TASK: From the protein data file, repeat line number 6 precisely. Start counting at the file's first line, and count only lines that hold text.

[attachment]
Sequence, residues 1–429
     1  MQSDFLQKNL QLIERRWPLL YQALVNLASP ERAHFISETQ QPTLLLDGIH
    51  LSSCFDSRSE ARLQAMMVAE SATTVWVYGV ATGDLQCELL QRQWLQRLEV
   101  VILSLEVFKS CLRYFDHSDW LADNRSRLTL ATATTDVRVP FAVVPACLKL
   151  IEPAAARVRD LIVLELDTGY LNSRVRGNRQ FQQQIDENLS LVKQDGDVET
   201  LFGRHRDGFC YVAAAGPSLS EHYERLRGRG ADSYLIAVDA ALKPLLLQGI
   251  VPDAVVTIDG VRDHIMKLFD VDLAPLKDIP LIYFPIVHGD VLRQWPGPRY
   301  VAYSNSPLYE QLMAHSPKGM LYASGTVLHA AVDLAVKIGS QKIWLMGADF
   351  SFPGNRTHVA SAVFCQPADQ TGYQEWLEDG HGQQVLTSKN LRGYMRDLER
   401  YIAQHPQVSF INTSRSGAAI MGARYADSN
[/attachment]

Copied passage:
   201  LFGRHRDGFC YVAAAGPSLS EHYERLRGRG ADSYLIAVDA ALKPLLLQGI